This definition, however, has always simply been an assumption. It has not been tested until recently. As such, we’re now embarking on the process of finding what really defines activation for us.
So far, we believe there are two actions that someone who understands the purpose of Piktochart and how to use it will take:
- Publish or download a visual as an end result
- The finished visual should contain none of the boilerplate text that was originally in the template.
- Additional helpful data includes the time it takes for a user to get from the beginning to the end of the creation process.
Once the definition and how to track it has been agreed upon, we can optimize the onboarding experience to get our users as close as possible towards activation. The end result:
Purpose of Tracking Activation = Improving the learning curve of Piktochart
2. The metrics you track are unique to your app
Understanding who our users are and mapping out their journey are the first steps towards determining what needs to be tracked. Every user journey is unique, and there’s no template out there that can outline yours with 100% accuracy.
Here’s the journey that our users take:
- Sign up/log in
- Select a template/ saved visual
- Share (offline/online)
3. Do not pick a number “just because”
Facebook’s famed “magic moment” — which occurs when a user has 10 friends in 14 days — is what they believe gets new users to become returning users.
When attempting to find this mystical magic moment, it is best to look without bias at the totality of the sample and figure out if there are any patterns that stand out.
For example, we ask ourselves when looking at our most active users: What did they do in the first month or week of their time in Piktochart? How many visuals did they create? Did they regularly log in?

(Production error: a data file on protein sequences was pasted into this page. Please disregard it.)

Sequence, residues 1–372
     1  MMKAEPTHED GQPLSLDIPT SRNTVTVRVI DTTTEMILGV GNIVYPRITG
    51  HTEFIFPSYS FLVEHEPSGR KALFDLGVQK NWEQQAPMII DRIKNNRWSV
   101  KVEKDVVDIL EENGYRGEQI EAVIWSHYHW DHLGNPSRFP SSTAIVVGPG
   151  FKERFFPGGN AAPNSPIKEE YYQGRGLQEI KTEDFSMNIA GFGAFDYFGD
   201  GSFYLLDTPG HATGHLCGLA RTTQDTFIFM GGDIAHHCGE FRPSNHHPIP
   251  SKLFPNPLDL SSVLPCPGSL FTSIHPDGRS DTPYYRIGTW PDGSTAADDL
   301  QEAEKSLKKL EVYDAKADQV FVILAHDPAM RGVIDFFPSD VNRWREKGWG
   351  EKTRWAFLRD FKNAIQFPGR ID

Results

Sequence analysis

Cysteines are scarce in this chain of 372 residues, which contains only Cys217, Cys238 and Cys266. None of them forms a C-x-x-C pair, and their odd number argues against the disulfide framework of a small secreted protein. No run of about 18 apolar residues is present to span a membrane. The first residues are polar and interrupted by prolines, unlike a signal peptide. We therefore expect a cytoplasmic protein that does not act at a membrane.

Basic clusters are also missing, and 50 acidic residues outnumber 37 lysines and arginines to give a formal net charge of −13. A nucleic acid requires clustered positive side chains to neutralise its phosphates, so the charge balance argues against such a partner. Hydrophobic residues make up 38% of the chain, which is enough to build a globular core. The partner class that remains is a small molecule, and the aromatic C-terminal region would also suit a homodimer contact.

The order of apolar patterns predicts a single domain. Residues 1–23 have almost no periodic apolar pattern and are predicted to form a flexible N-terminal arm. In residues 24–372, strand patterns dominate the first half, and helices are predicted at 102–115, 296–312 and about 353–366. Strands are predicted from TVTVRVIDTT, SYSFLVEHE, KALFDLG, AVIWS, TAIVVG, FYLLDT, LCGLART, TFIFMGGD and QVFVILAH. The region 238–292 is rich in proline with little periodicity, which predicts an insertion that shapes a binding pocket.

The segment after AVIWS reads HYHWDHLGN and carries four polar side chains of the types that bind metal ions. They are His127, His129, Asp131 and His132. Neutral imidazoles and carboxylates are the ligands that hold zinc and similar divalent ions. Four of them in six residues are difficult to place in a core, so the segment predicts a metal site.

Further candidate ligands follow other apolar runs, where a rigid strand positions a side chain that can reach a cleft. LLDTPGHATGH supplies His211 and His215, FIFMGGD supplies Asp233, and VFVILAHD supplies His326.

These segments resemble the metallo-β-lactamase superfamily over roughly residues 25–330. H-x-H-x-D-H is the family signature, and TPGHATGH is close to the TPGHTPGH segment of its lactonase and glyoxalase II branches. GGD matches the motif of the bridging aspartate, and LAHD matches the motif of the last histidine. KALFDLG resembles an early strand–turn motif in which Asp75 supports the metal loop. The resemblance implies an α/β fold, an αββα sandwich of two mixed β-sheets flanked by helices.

We’re still in the process of discovering whether there is a “magic moment” for Piktochart’s users, so stay tuned.
4. Retention is a lot more complex than just tracking weekly & monthly cohorts
Retention is the holy grail for every SaaS app. However, not all SaaS apps should look at the same DAUs (Daily Active Users) and MAUs (Monthly Active Users).
To tax submission software TurboTax, when a user logs in once a year to file tax returns, that is considered good retention.
To Facebook, that same user has most definitely lost interest altogether!
Likewise, Piktochart’s retention is affected by:
- Seasonality: We have slow and peak seasons, and no surprises here, but traffic is lower during both summer and winter school holidays!
- User segments: In terms of frequency and product usage, not everyone has the same returning frequency. Some may have reports that they need to generate once every six months, while others create blog materials once per week.
This has caused us to look into other metrics and not take our weekly and monthly retention reports as sole indicators of how well the app is doing. For example, we now look into: